Reuben Saltzman of Structure Tech recently reviewed the issues with attaching decks to homes with brick veneer and does a great job of laying out the simple issue – bricks are almost always a non-structural cladding material these days. This is one of those details you can keep an eye out for, not only with decks but with anything that looks heavy attached to a brick veneer.
Density is a hot subject in urban planning and zoning and quickly runs afoul of legacy zoning codes which designate large swaths of many urban areas as ‘single family only.’ There is a lot of ink spilled about the failed concept of the garden city, but if we look at single family zoning as a form of growth-restricting belt around cities, perhaps the garden city really does exist today. The New York Times takes a look at the prevalence of single family zoning and it’s truly astonishing how little density is zoned in cities like Portland, Oregon or San Jose, California. It reminds me of the argument that rural decline is just an artifact of the classification methodology – perhaps in the same way urban growth is partially just a misclassification of suburban growth. It’s simply not possible to have urban growth in a city dominated by single family zoning, because single family homes are not ‘urban’.
Kate Wagner is the voice behind McMansion Hell and she recently published a short piece on the history of open-vs-closed home layouts at CityLab. Open concept homes, like many aspects of home building, reflects class realities and aspirations – it’s more expensive to build open home with larger structural spans for example. With household sizes trending smaller and evidence of wage stagnation in many industries, perhaps open concept layouts will begin to fall out of favor.
A short piece in Fire Engineering on how the cladding at Grenfell contributed to the disaster in 2017. Take-aways: it’s astonishing that the cladding was sold in a ‘combustible’ and ‘non-combustible’ configuration. Even more astonishing that a real person saw those options and thought the combustible one was the right call. Second, the air-gap under the cladding directly contributed to the spread of the fire – a hidden pathway where a dangerous condition to develop. I’m reminded of why fire-stopping details are so important in balloon framing.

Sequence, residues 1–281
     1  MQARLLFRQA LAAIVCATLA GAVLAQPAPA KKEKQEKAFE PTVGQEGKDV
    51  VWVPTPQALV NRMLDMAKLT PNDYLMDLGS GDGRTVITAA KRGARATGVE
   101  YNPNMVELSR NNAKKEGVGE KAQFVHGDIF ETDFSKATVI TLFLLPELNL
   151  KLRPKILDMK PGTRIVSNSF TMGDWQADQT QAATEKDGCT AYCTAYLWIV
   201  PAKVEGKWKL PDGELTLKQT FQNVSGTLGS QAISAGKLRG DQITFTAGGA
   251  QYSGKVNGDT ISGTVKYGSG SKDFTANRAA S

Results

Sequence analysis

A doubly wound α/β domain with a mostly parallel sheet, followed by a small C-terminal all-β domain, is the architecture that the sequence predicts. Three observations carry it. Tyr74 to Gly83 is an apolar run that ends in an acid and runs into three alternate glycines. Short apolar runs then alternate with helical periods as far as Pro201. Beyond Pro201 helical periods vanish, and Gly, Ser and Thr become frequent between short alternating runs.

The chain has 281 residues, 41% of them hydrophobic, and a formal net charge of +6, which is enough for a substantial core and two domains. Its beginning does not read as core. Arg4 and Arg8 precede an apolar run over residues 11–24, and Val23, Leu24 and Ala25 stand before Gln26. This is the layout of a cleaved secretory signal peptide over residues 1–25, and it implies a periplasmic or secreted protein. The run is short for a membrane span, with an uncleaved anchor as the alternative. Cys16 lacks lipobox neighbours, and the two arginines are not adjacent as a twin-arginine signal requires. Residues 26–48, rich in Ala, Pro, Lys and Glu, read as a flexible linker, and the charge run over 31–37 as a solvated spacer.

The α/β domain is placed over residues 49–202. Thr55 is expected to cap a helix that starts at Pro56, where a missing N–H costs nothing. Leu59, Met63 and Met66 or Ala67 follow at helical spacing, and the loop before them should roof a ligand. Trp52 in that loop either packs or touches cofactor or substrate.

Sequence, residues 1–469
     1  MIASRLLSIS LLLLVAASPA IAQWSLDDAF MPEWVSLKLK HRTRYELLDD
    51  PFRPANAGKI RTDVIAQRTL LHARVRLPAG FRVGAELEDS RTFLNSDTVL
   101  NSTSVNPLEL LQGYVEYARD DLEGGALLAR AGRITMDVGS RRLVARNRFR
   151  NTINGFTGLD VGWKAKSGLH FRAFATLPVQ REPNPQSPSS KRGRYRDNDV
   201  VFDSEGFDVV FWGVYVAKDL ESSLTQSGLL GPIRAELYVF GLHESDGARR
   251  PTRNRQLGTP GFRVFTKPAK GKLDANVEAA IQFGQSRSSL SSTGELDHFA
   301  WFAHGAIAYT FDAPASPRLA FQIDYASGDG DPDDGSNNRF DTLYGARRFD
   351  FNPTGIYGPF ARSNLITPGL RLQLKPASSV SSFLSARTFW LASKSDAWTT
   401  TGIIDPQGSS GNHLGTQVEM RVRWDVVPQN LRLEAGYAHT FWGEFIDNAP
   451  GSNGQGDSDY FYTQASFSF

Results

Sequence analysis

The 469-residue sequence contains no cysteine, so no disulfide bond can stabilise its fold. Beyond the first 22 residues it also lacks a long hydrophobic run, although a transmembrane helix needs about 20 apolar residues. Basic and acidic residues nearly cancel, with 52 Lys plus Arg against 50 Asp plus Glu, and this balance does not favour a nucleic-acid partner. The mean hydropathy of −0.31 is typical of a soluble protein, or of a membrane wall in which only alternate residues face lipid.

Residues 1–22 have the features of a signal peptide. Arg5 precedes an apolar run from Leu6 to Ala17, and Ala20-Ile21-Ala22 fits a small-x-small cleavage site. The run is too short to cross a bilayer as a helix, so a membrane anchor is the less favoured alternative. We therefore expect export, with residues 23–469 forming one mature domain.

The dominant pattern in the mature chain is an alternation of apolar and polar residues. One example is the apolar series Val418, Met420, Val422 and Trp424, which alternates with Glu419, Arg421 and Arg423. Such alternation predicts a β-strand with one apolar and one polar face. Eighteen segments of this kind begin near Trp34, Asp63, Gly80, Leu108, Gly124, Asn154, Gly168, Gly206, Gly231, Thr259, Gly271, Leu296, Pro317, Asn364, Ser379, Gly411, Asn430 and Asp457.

There is an intuitive accident causation model called the Swiss Cheese Model where small risks across a broad spectrum of qualities line up perfectly to create, well, an accident. JLC published “What A Long, Strange Drip It’s Been” this month which is a great example of this kind of cumulative impact small mistakes can have. Bad drip edge install, overhang-free building design, failure-intolerant fascia detail, a discontinuity between fascia and wrap, and a home owner without a proactive approach to preventative maintenance. I grimaced when I reached the part where the sheathing repair didn’t include a replacement of the drip edge – especially when you can see that a new roof was installed between the original inspection and the final sheathing repair.
A while back the Fine Homebuilding Podcast mentioned a paper by M.C Baker called “Decay of Wood“. Took me a bit to find it, but I was pleasantly surprised to find a crisp five page introduction to wood decay. It is great to find these kinds of introductory texts which lay out exactly enough to start you on a research path – for example, I didn’t know that there were five specific types of building-rot fungi of most concern/importance. That’s a short list!
Rick Steves largely lives on the edge of my consciousness – he’s a famous figure whose books I never really used (for no particular reason I mostly used the Lonely Planet guides). He was profiled last month in the New York Times and, as always, sets the bar high for engaged living: pack light, stay positive, and try new things.
This Christmas I receive a copy of A Reference for Wood by Eric Sloane, a short one hundred page look at the use of wood in early american life – a mixture of historical facts and engaging anecdotes.
Part of moving to a new part of the country (for me, the midwest this past year) is learning about new manufacturers, techniques, and contractors. Paul on this Q&A over at Green Building Advisor referenced a tilt-turn manufacturer in my new backyard – WASCO Windows of Milwaukee.